Dive In with Speedo

On Saturday I went to the Speedo Dive In session at Ironmonger Row Baths. I have actually never been to this pool before despite being a member of Better Gyms so it was good to check out the 25metre pool. At the session were about 5 coaches from different swimming and triathlon backgrounds and then there was the lead coach Cassie Patten who won Bronze in the Beijing Olympics for the 10km swim (my new 2020 goal ha).
Now the first thing we were challenged with was to place ourselves into either the beginner, intermediate or advanced group. I put myself into the intermediate group (the guys put themselves into advanced of course) and after our 6 lap warm up they moved me up to advanced but I think that was more numbers than my technique. There were 4 guys and 1 other girl in my group and everyone was really nice which is always good.
We started by looking at our head positioning. This was much lower down than I am normally used to. If you stood and put a fist in between your chin and chest that’s the sort of position you should be in. This really helps with the alignment of your whole body especially for men. The only thing that was difficult was getting used to looking up and not moving your head to see how far the person in front of you was. This would definitely need some practice as we kept bumping into one another.

We then looked at hand positioning and ensuring that you went into the water with you hand straight/flat and not to lead in with the thumb and therefore your arm leaning inwards. We used the Biofuse Speedo finger paddles to help master this technique. Now I have the larger version and now I know how to use them correctly! What they got us to do was only put our middle finger in the strap, and not to use the wrist strap. Your middle finger is the start of your drag. The paddles basically tell you what’s wrong with your technique and were really easy to use just weird at first. If your paddle comes off it’s an indicator that you have started your catch too early or too late or that you’re entering with your little finger or thumb and therefore your arm is sideways. As it was only our middle fingers strapped in you could really concentrate on using that finger to start your catch by pushing on the paddle.This connected to the second part where we had to keep our arms fairly wide like 10 to 2 if you were looking at a clock. This felt rather odd as I’m used to keeping my arms in quite tightly. The analogy here is if you were going to try and climb a wall you put your arms far apart rather than close together as you would have more power to pull yourself up. This would be the same with swimming but you’re horizontal not vertical (one hopes). This also ensures that your arms do not cross over the centre line.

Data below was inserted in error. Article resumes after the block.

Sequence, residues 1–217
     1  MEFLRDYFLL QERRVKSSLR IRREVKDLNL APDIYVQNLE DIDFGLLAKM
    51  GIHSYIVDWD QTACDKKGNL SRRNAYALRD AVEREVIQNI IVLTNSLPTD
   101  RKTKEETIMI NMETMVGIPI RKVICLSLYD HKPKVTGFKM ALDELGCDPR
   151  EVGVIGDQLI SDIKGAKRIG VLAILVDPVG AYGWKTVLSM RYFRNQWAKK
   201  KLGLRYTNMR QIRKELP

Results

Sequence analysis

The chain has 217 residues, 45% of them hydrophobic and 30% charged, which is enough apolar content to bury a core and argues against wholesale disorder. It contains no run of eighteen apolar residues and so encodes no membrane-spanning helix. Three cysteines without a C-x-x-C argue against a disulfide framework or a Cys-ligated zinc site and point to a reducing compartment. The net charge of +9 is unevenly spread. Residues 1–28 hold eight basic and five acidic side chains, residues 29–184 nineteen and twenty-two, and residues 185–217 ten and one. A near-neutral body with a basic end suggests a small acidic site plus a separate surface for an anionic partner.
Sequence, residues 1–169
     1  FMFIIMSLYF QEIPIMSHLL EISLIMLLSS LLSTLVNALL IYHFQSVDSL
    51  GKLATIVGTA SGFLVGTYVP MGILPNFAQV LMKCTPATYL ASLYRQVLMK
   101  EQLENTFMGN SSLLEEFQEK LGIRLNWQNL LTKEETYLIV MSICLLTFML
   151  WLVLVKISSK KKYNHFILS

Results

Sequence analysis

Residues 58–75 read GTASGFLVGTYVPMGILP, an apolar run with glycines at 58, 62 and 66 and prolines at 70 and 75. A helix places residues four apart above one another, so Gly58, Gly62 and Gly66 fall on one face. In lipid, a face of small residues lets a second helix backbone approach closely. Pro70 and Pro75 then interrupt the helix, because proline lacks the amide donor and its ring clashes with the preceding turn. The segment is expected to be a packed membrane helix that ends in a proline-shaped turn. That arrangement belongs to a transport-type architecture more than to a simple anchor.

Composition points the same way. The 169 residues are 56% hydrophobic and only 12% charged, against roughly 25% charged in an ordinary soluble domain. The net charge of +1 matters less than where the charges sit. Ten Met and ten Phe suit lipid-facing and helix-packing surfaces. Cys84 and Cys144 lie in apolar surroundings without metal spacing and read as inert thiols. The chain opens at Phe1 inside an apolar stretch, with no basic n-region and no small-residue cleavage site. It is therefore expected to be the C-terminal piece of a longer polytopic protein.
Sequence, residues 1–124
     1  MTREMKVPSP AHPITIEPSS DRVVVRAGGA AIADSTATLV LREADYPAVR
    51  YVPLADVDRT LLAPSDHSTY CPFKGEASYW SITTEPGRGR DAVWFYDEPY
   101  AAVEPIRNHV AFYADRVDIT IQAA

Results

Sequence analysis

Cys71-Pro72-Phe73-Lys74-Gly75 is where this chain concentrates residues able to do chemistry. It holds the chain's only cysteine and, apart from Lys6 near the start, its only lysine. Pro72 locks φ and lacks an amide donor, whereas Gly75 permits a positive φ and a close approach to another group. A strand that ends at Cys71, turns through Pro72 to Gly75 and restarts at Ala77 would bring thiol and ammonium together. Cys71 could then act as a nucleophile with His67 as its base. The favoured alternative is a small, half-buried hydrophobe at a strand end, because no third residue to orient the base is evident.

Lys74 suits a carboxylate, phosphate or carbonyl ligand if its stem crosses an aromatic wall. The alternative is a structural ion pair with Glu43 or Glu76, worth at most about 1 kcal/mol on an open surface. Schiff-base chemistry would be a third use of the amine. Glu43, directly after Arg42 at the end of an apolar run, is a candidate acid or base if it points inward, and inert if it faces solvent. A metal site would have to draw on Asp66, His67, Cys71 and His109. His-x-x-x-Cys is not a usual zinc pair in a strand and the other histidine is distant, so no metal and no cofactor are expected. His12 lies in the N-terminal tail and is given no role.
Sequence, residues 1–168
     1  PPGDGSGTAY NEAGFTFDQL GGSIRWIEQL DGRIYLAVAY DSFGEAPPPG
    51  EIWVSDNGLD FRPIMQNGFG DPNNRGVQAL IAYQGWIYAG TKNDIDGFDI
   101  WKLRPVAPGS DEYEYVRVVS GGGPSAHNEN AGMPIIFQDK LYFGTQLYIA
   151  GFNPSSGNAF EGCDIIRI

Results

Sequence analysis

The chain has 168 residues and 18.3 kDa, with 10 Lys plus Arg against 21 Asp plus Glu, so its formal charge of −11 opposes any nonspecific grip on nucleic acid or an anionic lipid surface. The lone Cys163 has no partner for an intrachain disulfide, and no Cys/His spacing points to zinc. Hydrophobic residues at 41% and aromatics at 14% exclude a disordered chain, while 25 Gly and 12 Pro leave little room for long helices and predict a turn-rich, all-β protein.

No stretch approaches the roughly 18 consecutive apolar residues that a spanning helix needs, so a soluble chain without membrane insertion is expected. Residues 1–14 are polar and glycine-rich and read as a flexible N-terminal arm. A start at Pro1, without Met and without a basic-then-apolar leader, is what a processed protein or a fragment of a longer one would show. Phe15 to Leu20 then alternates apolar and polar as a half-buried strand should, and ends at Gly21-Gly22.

paddles
We then did some fist drills. This is when you put your hand into a fist and swim in freestyle. I think the fist drill is one of my least favourite as I never feel like I have accomplished what the drill is for. Here you should be thinking about your catch and really pulling that water back with the back of your forearm. It should feel like you are trying to hold something between your fist and elbow crease, still don’t get it? Me neither! The next part was acceleration. So pushing your arm all the way passed your hip and actually pushing harder the further back you got. This ensured that your were making the most of your entire catch.
We then started to look at hip rotation and feet positioning. The first drill we did was swim on our backs with our arms by our sides and kick with a fluid movement in the ankle. The feet should slightly turned in towards each other. There shouldn’t be any splashing from your kick and your knees shouldn’t come out of the water either. We then tried the side 6×3 drill. This is when you swim on your side with one arm in front and the other along your top side. Once you have kicked for 6 on your side you do three strokes to rotate to the other side and continue. This helps with the hip rotation and also your kick, my legs always feel like they’ve worked hard after this one. Next we swam with our thumbs out and every time we hit our thumb with our hip that was your trigger to rotate. After that it was time to put it all together. I’m not sure if I felt as graceful as I usually do but there were definitely some lessons to be taken away.
The session was completely free and an hour well worth spent as you got lots of individual feedback and you still have until the end of October to sign up. The coach did say that next year they were thinking about doing some open water session which would be awesome so I will keep my eyes and hears open and let you know if I see anything! Otherwise in the meantime go and #getspeedofit
Thanks #preparedtotri x

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